Japan left with one nuclear reactor after shutdown

Japan has shut down another nuclear power station, bringing it a step closer to suspending atomic energy, following the Fukushima disaster.
Only one of the 54 nuclear reactors remains in operation, and it is due to be switched off in May.
Residents have demanded reactors not be turned back on after routine maintenance due to safety fears.
A tsunami in March 2011 triggered the Fukushima nuclear plant meltdowns.
The No 6 unit at the Kashiwazaki-Kariwa power station in Niigata prefecture has been taken offline by the Tokyo Electric Power Co for maintenance. This leaves just the nuclear reactor on the island of Hokkaido in operation.
It is unclear when the reactors that have been turned off might be restarted.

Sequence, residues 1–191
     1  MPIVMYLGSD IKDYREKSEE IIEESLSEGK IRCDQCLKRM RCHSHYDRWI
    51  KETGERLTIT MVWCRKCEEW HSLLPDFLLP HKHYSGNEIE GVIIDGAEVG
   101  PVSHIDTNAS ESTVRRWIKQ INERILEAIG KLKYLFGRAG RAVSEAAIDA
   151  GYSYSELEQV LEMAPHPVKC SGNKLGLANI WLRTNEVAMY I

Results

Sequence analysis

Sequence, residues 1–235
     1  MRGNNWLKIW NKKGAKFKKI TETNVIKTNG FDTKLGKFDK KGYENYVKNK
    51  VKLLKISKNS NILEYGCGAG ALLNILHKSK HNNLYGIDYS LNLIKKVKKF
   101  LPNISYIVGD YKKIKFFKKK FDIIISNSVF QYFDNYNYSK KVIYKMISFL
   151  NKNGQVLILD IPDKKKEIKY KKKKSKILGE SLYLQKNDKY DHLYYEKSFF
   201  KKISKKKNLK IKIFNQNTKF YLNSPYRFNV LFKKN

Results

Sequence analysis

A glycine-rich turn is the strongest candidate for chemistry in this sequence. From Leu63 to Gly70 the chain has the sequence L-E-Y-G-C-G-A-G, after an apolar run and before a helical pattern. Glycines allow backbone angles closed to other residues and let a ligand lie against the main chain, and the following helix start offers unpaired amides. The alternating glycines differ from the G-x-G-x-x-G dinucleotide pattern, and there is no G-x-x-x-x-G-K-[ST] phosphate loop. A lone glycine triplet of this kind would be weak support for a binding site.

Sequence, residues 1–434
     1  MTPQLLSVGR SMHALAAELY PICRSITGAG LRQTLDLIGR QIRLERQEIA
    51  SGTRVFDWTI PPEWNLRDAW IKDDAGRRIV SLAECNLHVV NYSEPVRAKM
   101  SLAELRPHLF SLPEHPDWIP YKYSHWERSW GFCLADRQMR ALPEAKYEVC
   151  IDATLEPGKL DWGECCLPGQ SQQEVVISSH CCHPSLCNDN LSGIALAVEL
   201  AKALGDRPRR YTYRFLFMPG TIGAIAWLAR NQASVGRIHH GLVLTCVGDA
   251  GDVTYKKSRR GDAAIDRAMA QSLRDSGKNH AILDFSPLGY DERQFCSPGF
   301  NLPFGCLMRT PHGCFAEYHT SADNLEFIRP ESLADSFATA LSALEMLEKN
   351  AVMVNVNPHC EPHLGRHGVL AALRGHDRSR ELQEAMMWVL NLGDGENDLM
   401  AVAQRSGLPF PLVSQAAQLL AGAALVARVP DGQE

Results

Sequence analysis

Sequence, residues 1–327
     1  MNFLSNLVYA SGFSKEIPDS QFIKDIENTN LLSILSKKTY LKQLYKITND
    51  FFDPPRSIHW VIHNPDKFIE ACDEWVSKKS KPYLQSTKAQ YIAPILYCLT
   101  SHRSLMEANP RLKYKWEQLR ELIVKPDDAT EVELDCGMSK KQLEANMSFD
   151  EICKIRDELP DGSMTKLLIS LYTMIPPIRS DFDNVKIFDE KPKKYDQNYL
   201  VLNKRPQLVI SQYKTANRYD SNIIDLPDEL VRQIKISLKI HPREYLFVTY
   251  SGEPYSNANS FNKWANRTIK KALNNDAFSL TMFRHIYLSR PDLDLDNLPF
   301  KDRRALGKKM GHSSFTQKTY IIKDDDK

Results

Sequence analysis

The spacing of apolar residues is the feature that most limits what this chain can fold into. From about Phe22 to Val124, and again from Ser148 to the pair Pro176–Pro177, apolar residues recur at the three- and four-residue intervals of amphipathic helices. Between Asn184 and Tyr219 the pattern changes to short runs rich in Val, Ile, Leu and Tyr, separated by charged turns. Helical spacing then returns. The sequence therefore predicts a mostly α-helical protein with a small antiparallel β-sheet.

Before the Fukushima disaster, nearly a third of Japan's electricity was generated with nuclear power.
But the six-reactor Fukushima Daiichi nuclear plant was badly damaged by the earthquake and tsunami, with explosions and partial meltdowns in several of the reactors.
The government has been carrying out stress tests on nuclear power stations to try to persuade people living nearby that they can resist strong earthquakes.
But since the Fukushima disaster, local communities have been refusing to allow reactors to be restarted after routine maintenance, which has to take place every 13 months.
In the meantime, Japan has increased its fossil fuel imports, with electricity companies pressing old power plants into service.
But there could still be a shortfall of electricity in the summer, reports the BBC's Roland Buerk.
Last year, big companies ran factories at night and at weekends after the government ordered them to cut their electricity consumption by 15%.
Manufacturers have also warned that more production may have to be moved abroad if the situation persists, which would damage Japan's economy. (BBC)


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